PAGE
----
Monday 11 February 2013
Luwero to Ziwa
We are getting used to these early starts. 5.30 alarm as usual.
Today, we are to cycle over 100 kilometres to the Ziwa Rhino sanctuary, most of it along a good tarred road, boasting an adequate cycle track along its sides. The road takes us roughly in a north north westerly direction, with an arrow straight directness, no respect paid by its engineers to the undulating countryside. The bicycle bungee is soon back in service.
Although still early, just after 7, we pass many children also using the cycle track on their way to school, as we process out of Luwero. They have their school day on their minds, but still have time to greet this strange band of foreigners. The towing arrangement is a particular source of hilarity amongst them.
After being jogged and rattled about all day yesterday on the dirt track, it is good to have the feel of a metalled road under our wheels. But the downside is that we have to compete for road space with sundry vehicles exhibiting a variety of driving styles. The message emblazoned on one coach “BELIEVE IN DIVINE INTERVENTION” was more an instruction to other road users than a call to faith.
As we leave Luwero behind us, the homesteads along the roadside begin to fade out, and the small farming plots attached to them give way to swamp and marshland, conifer forests, and open savannah. Apart from the conifer forests, a rather surprising feature, there is no sign of cultivation on any commercial scale despite the availability of good, fertile land to support it.
By lunchtime, we cover over 60 kilometres of the day’s journey in three stages.The shade of a conifer forest gives us a welcome respite from the heat of the day. In everyone’s mind is the vision of our road, stretching in a seemingly interminable line to the horizon, as it reveals itself to us over every summit we climb. But we take comfort from the knowledge that two third’s of the journey is behind us, and we are making very good time.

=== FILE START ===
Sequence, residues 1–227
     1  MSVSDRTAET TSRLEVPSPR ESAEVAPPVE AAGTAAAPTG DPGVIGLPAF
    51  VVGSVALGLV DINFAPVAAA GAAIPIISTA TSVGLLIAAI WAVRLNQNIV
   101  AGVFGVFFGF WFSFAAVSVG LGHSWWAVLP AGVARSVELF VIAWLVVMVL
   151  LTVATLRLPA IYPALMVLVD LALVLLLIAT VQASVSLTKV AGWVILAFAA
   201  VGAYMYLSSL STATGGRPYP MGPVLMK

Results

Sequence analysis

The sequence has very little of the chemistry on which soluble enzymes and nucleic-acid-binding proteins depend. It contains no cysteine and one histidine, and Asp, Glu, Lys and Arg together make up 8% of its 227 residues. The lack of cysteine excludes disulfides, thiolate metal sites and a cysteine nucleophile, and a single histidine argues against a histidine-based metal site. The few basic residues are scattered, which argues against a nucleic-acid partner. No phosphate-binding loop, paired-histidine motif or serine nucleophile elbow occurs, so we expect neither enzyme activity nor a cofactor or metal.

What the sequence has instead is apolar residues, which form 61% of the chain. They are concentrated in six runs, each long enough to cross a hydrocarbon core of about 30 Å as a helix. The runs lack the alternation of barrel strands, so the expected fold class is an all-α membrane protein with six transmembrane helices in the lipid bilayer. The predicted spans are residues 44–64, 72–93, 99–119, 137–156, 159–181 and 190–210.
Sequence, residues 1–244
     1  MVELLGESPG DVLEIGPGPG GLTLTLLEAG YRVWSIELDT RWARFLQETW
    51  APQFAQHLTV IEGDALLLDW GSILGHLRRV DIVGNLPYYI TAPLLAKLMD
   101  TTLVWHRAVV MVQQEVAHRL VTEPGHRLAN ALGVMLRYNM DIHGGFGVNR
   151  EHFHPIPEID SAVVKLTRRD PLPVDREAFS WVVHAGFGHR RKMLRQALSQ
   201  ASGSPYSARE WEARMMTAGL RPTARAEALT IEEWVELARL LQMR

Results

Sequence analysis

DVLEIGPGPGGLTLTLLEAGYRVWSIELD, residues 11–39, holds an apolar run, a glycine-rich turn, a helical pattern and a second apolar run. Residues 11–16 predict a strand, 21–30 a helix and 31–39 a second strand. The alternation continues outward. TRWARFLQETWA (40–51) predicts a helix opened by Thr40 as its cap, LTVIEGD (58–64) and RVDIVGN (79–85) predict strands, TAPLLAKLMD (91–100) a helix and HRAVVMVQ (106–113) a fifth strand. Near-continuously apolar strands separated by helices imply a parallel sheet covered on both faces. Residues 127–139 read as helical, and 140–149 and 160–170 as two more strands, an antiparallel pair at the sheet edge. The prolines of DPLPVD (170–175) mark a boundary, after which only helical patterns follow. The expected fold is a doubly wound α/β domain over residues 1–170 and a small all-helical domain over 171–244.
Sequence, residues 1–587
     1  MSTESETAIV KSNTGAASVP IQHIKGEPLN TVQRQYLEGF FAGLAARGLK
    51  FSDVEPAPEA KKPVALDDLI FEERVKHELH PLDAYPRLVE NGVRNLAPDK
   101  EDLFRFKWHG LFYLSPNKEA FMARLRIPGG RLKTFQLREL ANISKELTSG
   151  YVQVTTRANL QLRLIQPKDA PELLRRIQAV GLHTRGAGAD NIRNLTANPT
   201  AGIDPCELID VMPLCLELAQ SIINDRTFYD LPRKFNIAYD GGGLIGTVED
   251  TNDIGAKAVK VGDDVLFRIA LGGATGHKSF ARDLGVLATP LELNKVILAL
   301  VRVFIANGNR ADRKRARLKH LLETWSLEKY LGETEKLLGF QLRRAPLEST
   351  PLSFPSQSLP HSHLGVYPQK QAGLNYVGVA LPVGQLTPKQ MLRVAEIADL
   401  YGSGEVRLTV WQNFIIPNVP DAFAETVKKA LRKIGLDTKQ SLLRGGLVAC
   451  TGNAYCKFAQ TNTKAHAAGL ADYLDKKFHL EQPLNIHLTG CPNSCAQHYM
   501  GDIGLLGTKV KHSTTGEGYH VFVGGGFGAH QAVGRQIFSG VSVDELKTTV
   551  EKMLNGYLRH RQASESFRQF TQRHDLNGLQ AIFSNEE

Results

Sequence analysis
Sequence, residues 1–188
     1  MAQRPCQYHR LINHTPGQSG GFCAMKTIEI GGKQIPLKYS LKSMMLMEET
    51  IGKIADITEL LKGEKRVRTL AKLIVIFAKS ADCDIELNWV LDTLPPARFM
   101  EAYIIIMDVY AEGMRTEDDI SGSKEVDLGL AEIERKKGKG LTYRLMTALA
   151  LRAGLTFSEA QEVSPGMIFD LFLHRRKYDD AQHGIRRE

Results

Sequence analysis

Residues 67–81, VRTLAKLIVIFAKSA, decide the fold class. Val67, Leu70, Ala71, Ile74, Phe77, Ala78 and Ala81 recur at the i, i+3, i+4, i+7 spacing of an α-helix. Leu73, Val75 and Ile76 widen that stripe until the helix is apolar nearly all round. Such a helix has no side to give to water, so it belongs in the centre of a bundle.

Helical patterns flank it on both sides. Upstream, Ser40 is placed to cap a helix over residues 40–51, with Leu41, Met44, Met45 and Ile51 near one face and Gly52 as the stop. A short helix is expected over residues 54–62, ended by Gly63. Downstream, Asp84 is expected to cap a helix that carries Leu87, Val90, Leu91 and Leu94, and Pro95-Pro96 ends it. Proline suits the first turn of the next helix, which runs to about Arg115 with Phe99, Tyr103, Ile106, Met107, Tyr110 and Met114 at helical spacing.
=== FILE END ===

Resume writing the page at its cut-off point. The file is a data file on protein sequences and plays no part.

After the lunch stop we continue through countryside that has now become more arid, but still supports plenty of vegetation. The odd little homestead, hidden away in the bush along side the road, is the only sign of human habitation here. There is a prohibition on building within 10 metres of the road, signed by white posts marked “UNRA”, the national road authority, and the houses are mostly hidden behind brush.
The last 40 kilometres we spend on this road passes relatively quickly, the team linking up in a series of pelatons that makes the ride less daunting, psychologically and physically, for everyone. In a rather bedraggled village, we take a left turn down a dirt track and, after a brief stop, finish the day’s journey in the rhino sanctuary. We see no signs of the principal guests as we struggle along the sandy path that eventually brings us to the Lodge, and plentiful supplies of well earned liquid refreshment.
We arrive before 4.00 pm, giving us time to look around the Lodge area, where several golden crested cranes, Uganda’s national symbol, are in residence. There is even a semi tame waterbuck, and a duiker, which both seem relatively unmoved by our presence. We celebrate the day’s achievements with a braai on the terrace of the Lodge. After a warning from the Warden to look out for rhino wandering about and some instruction on what we can see in the night sky from Henk, and momentary confusion of profuse fire fly traffic with a possible meteor storm. we make our way back to our rooms for the night.
Day 3: Distance covered 106 kilometres. Total ascent 625m. Maximum temperature (in full sun) 49C.
Thanks to Glen and William for the update